So for a bit of Halloween fun, we’ll be treating (or maybe that should be tricking) you to some of the ghastliest, terrifying leadership horror stories from the silver screen – and exploring what they can tell us about how leadership should really be done.
You may have even experienced situations like these over the course of your career (although hopefully not to these extremes!).
Got your Halloween candy at the ready? Then we’ll begin…
6 horror stories of poor leadership in the workplace
When you’re violently assaulted for airing your view
If one of your employees happens to vocally disagree with something you’ve said, without a doubt one of the absolute worst ways to respond is by attempting to choke them to death. Unfortunately though, Darth Vader didn’t get the memo.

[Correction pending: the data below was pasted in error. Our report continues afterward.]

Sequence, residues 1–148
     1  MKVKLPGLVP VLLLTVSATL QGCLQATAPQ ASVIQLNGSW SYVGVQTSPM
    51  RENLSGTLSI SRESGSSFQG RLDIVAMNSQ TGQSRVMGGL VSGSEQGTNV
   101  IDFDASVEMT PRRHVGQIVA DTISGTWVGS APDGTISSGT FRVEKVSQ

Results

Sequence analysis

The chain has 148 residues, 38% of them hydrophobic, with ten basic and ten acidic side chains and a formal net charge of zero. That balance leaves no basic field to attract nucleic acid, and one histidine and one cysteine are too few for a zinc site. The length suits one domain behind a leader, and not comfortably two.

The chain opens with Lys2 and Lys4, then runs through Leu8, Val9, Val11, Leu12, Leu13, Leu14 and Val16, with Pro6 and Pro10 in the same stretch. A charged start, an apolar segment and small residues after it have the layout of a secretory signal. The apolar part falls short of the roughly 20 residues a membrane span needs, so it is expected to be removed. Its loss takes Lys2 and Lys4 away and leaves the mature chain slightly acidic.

When Admiral Motti boldly contradicts his superior’s remark that the Death Star’s weaponry isn’t a patch on the Force, rather than settling the conflict of opinion in a productive, civilised manner – Vader wastes no time in demonstrating his point by force-choking the poor guy. Just in case the message wasn’t clear enough.
Granted, Motti didn’t put his point forward in the politest of ways, but it still goes without saying that using force (even if it isn’t the mystical one) to resolve disagreements is not the way to go.
Good leaders encourage all voices to be heard, and promote open, honest and inclusive debate. After all – isn’t that where the best ideas come from?
(As a bonus treat, we love this clip from Robot Chicken which hilariously pokes fun at this exact scene from the film):